The St. Paul school board voted Tuesday to shut off television coverage of public comment, ending a decades-long tradition. Until now, the St. Paul school board televised its meetings, including the public comment time when regular people get to say what they think about the schools. The public comment time was part of the board’s regular agenda. No more — now public comments will no longer be televised and the comment section will come before the meeting, rather than as a part of the agenda.
Two community members spoke against the shutdown during Tuesday’s public comment section. Acknowledging that public comments can get contentious, Joe Nathan said they should continue to be televised. “Democracy is messy,” Nathan said. “Democracy sometimes has controversy.” He called the move to make public comment less publicly available “a shame and a sham.”
“It’s about credibility and trust,” according to Jon Schumacher, who said the message that’s sent when everything isn’t made public works against what people in the district want to be able to do. Schumacher, a candidate for the school board, said, “This is a time that it’s critical to reconnect with our school community.”
Board member Anne Carroll said that the public comment in board meetings gets undue attention. “What happens in that 30 minutes with two or zero or five people gets a huge amount of play in the press,” without press attention to comments made to board members on the street or by emails or in other settings. She said that shutting off the television cameras would make the entire process of public input to the board, “substantially more transparent, substantially more accurate in terms of reflecting the plethora of public comments that we get.”
So — shutting off the cameras somehow gives community members a greater voice? Unsurprisingly, many disagree.
John Brodrick, the only board member to vote against the move, praised the in-person public comment time, noting that over the years the board has “welcomed a diverse set of speakers,” and that this is “part of the personality of the school district.” Sometimes, he said, that results in “a certain degree of levity or humor or even outrageousness, but you know what — that’s democracy at work!”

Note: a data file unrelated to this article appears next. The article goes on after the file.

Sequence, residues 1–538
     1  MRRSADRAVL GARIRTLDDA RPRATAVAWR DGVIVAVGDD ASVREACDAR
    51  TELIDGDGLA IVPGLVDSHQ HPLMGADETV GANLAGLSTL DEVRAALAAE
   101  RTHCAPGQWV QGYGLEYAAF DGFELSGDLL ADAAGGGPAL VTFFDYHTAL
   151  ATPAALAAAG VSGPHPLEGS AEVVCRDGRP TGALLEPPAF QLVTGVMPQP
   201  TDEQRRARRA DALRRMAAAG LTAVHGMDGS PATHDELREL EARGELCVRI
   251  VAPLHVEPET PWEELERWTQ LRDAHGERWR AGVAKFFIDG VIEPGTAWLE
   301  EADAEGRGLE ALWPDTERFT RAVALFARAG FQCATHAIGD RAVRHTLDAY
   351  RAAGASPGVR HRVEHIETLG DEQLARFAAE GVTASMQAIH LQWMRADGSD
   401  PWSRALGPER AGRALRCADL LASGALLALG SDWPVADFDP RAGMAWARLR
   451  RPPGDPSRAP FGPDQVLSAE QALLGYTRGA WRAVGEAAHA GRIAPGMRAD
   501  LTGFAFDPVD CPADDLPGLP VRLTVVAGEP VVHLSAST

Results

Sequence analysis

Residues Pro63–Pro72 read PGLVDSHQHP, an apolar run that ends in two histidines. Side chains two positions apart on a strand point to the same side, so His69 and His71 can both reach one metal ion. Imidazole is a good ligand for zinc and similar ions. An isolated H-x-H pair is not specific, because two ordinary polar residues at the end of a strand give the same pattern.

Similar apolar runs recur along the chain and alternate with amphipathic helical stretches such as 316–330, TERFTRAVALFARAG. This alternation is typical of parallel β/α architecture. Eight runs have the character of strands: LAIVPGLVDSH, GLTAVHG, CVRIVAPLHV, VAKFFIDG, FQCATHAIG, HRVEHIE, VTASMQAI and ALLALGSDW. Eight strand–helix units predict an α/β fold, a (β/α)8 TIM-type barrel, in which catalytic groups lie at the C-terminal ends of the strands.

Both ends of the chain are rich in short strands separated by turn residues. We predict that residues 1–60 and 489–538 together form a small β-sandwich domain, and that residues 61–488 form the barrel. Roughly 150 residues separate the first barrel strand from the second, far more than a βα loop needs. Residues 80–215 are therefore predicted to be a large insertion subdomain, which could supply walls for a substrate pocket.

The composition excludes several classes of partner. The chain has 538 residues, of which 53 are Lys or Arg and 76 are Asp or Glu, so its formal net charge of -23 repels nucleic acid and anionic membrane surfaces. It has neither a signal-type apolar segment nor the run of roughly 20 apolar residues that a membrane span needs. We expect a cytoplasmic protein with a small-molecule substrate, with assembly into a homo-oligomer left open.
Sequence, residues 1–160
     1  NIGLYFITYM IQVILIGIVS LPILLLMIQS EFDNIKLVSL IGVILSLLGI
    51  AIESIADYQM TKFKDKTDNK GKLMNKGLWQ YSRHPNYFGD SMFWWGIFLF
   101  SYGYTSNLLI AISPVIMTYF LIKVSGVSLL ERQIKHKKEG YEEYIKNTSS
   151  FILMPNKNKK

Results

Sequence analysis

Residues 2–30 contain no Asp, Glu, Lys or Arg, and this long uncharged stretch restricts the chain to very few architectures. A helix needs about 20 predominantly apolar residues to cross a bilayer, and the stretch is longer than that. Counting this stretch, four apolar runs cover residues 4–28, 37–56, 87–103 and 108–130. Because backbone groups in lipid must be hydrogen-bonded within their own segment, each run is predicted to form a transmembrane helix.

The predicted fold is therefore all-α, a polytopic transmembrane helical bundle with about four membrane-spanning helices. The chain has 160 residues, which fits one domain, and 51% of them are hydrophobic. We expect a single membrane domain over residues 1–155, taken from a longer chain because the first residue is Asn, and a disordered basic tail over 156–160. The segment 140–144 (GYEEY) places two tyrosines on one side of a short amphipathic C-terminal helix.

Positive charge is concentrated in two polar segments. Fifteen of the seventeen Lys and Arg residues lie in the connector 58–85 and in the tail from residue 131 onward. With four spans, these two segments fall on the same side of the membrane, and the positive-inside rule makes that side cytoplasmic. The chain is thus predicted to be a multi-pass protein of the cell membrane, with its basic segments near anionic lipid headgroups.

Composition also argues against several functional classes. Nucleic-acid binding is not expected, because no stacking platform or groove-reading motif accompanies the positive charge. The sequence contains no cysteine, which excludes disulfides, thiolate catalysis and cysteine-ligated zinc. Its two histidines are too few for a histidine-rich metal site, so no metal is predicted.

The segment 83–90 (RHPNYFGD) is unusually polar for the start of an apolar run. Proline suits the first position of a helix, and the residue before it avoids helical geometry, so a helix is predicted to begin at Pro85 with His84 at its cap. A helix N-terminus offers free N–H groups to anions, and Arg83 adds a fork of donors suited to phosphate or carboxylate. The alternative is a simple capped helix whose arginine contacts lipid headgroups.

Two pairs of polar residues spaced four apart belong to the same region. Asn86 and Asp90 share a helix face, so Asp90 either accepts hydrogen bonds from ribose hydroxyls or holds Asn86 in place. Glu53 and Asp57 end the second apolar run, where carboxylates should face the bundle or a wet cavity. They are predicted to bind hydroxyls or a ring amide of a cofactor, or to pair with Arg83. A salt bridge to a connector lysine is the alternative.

A long Facebook discussion thread pointed out that many people can’t get to the board meetings and rely on cable broadcast or on the videos archived on the board’s website to find out what is going on. And what is going on in the public comment section?
I asked Joe Nathan about valuable public comments he has heard over the years, and he gave examples of high school students explaining the value of dual credit courses, elementary students recounting their experiences of mainstreaming, and students from AGAPE and Gordon Parks speaking to the board. “These are students who sometimes are viewed as problems,” Nathan told me, but “presenting at the board and hearing from family and friends that they had seen them on cable TV” made a difference for these students.
On Tuesday, commenters included a parent from the L’Etoile du Nord, the district’s French immersion school, who told the board that, “after the school year ended, parents learned without any communication that instrumental program would be drastically modified.” She told the board that many parents chose the school because of the strong instrumental music program, and that they were “quite surprised that we were not informed.” Her comments reflected frustration with the district’s lack of communication, as well as concern over her school’s falling test scores and enrollment. “You should hear from parents,” she told the board.
The board will continue to hear from parents, but they just made it harder for parents and students and community members to hear from each other. Cutting off the cameras during public comment is one more misstep for a board and district where communication, transparency and respect remain big issues.